The region (autonomia) of Aragon, sandwiched between the La Rioja and Navarra to the north-east and Catalonia to the south-west, comprises the following four appellations.
Calatayud, Campo de Broja and Cariñena to the west of the city of Zaragoza, and Somontano, further north, and near the city of Huesca. The region is noted for its astonishing variety of landscapes, from lush green river valleys to terraced mountainsides, and hot, semi-arid locations.
The most popular grape in the region is Garnacha, while Tempranillo trails a long way behind. There are also patches of Monastrell and Mazuello. The recent decades have seen the introduction of international varieties (Chardonnay, Merlot, Cab. Sauvignon, Pinot Noir and Syrah) mainly in Somontano.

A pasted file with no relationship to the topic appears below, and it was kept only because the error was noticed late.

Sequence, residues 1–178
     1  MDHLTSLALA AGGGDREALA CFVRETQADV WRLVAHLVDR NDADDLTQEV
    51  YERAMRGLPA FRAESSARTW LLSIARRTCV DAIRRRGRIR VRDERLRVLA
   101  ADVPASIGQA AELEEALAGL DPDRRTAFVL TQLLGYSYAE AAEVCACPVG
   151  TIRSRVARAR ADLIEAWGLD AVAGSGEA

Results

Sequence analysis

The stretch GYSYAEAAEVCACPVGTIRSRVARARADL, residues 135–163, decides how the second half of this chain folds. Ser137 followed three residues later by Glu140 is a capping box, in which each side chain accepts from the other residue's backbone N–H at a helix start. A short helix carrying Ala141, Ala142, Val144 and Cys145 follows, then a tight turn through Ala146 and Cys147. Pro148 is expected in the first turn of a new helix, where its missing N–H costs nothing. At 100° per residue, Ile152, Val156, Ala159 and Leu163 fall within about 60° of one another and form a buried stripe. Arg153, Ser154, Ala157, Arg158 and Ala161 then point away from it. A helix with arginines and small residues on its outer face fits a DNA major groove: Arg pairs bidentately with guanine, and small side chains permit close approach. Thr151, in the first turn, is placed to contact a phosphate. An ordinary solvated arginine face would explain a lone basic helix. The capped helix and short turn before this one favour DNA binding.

Aragon can boast of being one of Spain's most famous traditional wine-producing regions. In the early Spanish reconquista years of Ferdinand (Prince of Aragon) and Isabella (Queen of Castille) and in the period that followed the marriage of their daughter Catherine to Henry VIII, Aragon become increasingly rich, clerical and royal, which provided the local growers with an affluent, well-established market for their wines.
The local wine-making styles remained unchanged for several centuries, focusing on traditional, robust, alcoholic, heady, oxidized (rancio) or fortified (generoso) wines. Since the early 1990s, Aragon has experienced a dramatic turnaround, with the D.O. region of Somontano leading the race for quality improvements.